Japanese Nuclear Crisis: TMI, Chernobyl, or In-between

My favorite chapter from my 1995 book Japanese Nuclear Crisis: TMI, Chernobyl, or In-betweenCatastrophe! Great Engineering Failure–and Success is the one where I discuss two very different nuclear reactor accidents, Three Mile Island and Chernobyl. It is my favorite because of the way I ended it. That ending applies to the current situation at the reactors in Fukushima, Japan.

…sometime in your lifetime, the question of nuclear power is likely to arise again. The designs will be safer, the plans for waste disposal will be better, and the concerns about other sources of electric power will arise again.

Both sides will argue that we have learned the lessons of TMI and Chernobyl. One side will say that the lessons teach us that nuclear power plant technology will always be too risky to try. The other side will say that the we have learned the lessons of failure and that we can succeed in spite of the risks.

Coming to the right decision then will be no easier than it is now, nor will it be any less important. TMI and Chernobyl are two spectacular failures from which we will be learning for a long time.

As I follow the unfolding story, I am struck by the different views being expressed by experts in the media. On ABC’s Nightline last night, a Japanese professor compared the situation to Chernobyl, when a non-nuclear explosion (there is no risk of a nuclear explosion because reactors are very different from nuclear bombs) spewed huge amounts of radioactive material into the environment. To hear him speak, you would have thought that a similar explosion at the Fukushima Daiishi reactors was inevitable.

This morning, the reporting on NPR’s Morning Edition was less sensational without understating the problem. At present, the situation is closer to TMI times 4 (the number of reactors in trouble). Despite a partial meltdown, TMI’s environmental impact was restricted to the immediate vicinity of the plant, and retrospective health studies show no measurable increases in cancer more than 30 years later.

The brave Japanese workers who are still in the plant will not be so lucky. They will face serious cancer risks, even if they can avoid the immediate effects of radiation sickness. Still, beyond the plants themselves, the increase in radiation exposure is not likely to impact many people very much. The amount of radioactive material released so far is clearly greater than TMI, but it is, at present, nowhere near the devastating scale of Chernobyl.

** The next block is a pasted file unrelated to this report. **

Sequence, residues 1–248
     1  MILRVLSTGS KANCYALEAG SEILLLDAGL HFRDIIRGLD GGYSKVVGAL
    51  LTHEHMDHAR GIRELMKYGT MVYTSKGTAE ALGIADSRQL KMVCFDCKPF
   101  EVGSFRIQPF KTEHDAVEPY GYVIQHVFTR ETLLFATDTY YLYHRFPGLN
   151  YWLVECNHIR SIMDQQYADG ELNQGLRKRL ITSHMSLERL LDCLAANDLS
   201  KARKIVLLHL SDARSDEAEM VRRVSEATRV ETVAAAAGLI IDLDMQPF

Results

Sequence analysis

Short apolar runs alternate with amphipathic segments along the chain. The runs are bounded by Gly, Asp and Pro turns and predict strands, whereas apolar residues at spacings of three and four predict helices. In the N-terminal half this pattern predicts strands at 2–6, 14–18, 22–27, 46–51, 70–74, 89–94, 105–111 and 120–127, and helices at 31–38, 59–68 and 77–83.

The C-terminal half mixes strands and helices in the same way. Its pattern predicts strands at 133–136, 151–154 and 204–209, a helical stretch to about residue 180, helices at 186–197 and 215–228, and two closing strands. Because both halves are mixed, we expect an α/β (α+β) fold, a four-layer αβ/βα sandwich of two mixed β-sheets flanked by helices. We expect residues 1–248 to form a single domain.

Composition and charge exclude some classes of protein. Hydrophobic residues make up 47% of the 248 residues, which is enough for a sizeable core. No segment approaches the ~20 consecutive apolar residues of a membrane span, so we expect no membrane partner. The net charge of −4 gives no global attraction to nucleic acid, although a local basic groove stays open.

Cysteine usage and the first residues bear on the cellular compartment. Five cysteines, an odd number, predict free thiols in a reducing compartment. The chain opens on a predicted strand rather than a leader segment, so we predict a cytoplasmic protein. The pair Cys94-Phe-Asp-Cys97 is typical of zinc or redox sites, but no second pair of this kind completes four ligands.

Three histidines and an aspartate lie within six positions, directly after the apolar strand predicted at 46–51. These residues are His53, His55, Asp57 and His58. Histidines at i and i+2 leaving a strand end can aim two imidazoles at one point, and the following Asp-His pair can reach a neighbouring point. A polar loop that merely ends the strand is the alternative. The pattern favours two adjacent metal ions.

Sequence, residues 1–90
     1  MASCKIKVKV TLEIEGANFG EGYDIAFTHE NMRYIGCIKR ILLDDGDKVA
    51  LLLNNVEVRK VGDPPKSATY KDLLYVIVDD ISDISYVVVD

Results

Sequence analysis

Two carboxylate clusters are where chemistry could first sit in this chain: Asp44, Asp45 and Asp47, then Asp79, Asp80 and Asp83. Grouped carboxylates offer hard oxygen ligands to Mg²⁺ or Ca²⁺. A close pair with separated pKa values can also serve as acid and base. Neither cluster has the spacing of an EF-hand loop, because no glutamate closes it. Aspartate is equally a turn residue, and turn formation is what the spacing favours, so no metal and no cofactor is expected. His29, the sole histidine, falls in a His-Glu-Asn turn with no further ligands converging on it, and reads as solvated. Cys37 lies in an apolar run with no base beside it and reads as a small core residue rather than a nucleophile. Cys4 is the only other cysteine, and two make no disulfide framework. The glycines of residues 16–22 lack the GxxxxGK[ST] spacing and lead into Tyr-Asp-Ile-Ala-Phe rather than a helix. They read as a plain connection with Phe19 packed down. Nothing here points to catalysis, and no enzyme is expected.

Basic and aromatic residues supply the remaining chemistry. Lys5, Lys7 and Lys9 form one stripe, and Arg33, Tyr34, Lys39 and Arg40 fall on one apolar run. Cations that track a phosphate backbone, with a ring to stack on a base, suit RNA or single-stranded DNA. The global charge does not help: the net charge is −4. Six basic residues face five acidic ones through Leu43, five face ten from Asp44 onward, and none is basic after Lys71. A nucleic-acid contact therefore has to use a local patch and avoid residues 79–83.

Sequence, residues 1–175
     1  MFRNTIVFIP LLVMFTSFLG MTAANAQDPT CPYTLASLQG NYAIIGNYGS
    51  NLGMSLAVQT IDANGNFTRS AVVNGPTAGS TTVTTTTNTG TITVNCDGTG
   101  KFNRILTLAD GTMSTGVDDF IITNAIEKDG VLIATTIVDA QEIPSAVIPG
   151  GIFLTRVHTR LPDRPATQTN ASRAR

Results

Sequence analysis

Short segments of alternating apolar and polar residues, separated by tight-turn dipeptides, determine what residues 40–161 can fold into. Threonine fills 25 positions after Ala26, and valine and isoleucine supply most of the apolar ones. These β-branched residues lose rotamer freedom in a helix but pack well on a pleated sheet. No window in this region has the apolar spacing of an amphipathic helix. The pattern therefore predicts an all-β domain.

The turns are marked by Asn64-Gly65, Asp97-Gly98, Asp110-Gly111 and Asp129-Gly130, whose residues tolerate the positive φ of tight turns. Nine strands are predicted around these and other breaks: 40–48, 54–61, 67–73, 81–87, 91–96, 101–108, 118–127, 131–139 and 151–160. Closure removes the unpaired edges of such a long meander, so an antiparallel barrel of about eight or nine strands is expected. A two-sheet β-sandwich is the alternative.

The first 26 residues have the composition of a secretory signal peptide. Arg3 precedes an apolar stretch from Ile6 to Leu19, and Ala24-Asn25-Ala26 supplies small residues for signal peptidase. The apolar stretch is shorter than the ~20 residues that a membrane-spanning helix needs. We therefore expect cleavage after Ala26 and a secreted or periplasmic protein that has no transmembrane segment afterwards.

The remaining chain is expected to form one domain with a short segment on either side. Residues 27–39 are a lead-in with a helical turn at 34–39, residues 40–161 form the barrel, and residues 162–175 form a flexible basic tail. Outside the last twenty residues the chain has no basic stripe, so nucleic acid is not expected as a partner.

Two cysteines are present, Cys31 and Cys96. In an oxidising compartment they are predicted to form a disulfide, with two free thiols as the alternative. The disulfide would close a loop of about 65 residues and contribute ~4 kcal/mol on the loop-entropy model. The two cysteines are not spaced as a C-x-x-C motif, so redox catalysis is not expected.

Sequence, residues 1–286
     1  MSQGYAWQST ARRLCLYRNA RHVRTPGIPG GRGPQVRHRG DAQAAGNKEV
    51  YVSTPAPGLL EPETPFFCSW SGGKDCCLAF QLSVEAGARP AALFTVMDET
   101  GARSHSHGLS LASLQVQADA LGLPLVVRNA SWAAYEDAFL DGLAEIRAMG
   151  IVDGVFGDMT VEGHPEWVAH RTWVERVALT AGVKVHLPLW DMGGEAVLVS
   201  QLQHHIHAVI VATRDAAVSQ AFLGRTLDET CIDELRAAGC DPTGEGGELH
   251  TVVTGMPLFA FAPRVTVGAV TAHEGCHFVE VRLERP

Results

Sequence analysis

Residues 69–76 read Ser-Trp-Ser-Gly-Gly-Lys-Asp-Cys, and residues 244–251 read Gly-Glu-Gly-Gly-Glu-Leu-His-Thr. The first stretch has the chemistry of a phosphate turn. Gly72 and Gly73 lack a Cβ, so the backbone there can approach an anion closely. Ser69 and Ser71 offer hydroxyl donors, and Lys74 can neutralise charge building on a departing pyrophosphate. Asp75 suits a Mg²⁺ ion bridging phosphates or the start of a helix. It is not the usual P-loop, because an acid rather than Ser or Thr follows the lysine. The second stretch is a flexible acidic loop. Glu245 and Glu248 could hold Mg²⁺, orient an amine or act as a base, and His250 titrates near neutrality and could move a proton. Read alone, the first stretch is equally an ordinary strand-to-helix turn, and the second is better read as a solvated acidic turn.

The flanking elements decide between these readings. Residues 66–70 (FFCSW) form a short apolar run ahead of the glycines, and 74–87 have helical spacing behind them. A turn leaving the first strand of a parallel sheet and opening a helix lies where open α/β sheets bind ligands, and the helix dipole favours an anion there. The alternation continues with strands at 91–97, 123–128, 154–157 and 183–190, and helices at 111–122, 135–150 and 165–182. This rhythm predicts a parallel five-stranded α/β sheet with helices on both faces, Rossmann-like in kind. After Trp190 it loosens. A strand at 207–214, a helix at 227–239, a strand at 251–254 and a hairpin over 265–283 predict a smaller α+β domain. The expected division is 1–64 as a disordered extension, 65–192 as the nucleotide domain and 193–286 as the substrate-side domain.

Listening to the NPR report, it was also clear that a much greater problem may still lie ahead. The question is, can the current emergency measures cool the fuel enough to prevent a massive explosion until power is restored to the cooling pumps. The answer to that is unknown, so the evacuations are prudent.

Assuming the cooling is restored in time, and the people can return to their homes, the world will still be faced with the same difficult political choices I outlined in Catastrophe!. We will need to evaluate whether today’s vastly safer reactor designs are robust enough to withstand future geologic events or terrorist attacks.

We will need to compare the risks of nuclear power to the steady damage from coal-powered plant emissions and greenhouse gases produced by all fossil fuels. We will need to face the difficulties of disposing of spent fuel and nuclear proliferation.

The political decisions will be difficult and compounded by a fog of information, much of which is clever propaganda or media accounts that are over-stated or sensationalized to get readers or viewers.

More than ever, critical thinking will be needed in a world where sound-bite and YouTube clip mentality rules. I urge all my readers to arm themselves with solid information and a realistic but skeptical mindset, rejecting oversimplification and conspiracy theories and seeking careful, detailed, and accurate accounts instead.